Winter birds of Kentucky (December, January, February)
By early December, most of our winter songbirds have arrived, but waterbirds continue to pass through, especially if the weather has been mild. Several species of northern forest birds are cyclical in their appearance in Kentucky during winter, including red-breasted nuthatches and finches like purple finches, pine siskins, evening grosbeaks, and crossbills. For more than a decade most of these species have not occurred in any great numbers, but any year of low seed production up north could spell a banner year for “northern finches” in the Bluegrass State.
January and early February typically offer the coldest weather of Kentucky’s winter and spells of harsh temperatures and snowfall often result in temporary southward flights of “midwinter” species like common merganser, several different northern gulls, American tree sparrows, and snow buntings. These are times when feeder watching can prove most enjoyable. As winter wanes, food sources begin to “dry up” and birds begin searching harder and harder for food. Late January and February snows typically bring in the greatest numbers and diversity of birdlife to area feedering stations. White-throated and song sparrows, dark-eyed juncos, red-bellied and downy woodpeckers, white-breasted nuthatches, and American goldfinches are just a few of the species that are regularly attracted to feeding stations.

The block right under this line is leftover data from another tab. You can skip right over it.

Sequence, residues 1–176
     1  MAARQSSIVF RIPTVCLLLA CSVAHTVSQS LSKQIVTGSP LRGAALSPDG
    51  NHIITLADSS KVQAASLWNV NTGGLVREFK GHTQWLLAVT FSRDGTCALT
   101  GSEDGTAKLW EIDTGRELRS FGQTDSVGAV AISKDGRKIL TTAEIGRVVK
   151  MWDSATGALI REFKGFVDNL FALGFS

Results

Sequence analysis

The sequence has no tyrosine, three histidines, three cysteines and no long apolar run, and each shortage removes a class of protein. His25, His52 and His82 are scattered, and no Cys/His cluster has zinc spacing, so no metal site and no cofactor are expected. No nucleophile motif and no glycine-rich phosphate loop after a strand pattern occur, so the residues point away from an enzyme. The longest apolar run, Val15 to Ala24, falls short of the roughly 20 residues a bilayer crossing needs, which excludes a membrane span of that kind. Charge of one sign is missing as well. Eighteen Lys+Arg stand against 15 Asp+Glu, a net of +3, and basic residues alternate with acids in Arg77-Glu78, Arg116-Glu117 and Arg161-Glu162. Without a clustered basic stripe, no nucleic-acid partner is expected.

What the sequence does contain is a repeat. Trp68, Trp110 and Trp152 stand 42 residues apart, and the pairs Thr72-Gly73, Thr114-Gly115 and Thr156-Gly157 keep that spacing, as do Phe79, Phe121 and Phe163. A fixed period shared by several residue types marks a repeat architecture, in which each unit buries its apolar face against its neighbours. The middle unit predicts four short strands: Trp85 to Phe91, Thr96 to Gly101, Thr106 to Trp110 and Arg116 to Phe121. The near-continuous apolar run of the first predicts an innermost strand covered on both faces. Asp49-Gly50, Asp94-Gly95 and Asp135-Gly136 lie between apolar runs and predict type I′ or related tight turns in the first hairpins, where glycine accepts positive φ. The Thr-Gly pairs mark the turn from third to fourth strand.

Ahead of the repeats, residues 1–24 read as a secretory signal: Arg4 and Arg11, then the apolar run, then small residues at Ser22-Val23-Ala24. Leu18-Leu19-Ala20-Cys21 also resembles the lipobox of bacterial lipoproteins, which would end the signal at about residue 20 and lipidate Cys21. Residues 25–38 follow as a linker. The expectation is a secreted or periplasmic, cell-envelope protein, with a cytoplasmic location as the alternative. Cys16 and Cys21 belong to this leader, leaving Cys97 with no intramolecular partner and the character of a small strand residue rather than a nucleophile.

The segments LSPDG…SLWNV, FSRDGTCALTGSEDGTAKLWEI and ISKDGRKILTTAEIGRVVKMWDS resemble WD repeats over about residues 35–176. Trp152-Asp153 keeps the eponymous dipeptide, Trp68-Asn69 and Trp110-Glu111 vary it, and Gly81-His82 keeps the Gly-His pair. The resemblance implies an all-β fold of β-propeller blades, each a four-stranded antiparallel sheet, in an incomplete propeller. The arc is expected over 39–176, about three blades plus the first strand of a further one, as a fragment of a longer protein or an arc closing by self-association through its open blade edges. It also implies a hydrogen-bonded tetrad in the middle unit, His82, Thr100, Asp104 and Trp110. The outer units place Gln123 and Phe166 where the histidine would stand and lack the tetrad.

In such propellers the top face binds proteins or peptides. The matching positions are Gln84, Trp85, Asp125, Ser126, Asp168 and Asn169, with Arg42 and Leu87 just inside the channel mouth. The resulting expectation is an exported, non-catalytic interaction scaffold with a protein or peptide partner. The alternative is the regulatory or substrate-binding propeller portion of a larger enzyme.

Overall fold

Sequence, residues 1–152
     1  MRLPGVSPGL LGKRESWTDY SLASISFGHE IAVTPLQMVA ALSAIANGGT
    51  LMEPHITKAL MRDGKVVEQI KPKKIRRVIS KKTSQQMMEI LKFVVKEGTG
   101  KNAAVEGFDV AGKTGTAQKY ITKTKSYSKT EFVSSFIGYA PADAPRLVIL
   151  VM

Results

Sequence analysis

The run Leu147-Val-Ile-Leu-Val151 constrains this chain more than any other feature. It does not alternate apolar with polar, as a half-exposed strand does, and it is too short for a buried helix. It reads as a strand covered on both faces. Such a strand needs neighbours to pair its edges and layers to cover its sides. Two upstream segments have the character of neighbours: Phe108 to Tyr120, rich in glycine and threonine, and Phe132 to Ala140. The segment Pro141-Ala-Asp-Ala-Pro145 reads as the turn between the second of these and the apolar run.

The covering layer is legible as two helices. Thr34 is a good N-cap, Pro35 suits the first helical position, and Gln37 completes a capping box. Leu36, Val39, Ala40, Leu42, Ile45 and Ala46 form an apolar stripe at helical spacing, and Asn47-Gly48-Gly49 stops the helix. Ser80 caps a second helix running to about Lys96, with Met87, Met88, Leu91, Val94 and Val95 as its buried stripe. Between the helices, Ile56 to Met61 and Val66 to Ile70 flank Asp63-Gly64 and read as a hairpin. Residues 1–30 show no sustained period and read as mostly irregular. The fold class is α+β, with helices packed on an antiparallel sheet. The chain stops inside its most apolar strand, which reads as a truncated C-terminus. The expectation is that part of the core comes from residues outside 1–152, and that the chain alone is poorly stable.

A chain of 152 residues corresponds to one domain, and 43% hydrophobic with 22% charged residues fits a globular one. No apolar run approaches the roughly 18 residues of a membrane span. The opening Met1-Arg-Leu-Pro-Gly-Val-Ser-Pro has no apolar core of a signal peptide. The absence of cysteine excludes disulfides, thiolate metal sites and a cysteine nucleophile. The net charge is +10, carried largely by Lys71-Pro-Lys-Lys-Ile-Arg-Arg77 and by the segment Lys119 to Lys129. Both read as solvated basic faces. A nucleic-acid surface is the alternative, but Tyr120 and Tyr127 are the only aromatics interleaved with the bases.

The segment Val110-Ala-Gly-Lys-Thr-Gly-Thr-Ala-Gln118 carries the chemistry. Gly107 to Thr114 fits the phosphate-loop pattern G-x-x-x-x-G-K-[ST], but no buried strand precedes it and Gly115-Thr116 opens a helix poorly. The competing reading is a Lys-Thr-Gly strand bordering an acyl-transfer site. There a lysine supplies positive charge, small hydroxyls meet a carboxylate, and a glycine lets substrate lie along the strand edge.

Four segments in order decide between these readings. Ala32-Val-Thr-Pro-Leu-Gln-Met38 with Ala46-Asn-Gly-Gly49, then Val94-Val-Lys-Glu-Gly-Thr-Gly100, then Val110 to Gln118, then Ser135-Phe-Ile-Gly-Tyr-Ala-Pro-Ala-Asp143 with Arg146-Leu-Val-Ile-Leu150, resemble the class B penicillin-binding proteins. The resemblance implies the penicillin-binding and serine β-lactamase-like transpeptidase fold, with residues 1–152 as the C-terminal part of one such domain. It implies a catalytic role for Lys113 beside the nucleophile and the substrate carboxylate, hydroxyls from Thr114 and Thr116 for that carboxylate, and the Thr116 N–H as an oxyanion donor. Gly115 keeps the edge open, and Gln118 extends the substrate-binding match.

As winter weather begins to break, the cycle begins again, and Kentucky bird watcher’s thoughts turn to warm spring days and songs of migrants arriving from the tropics!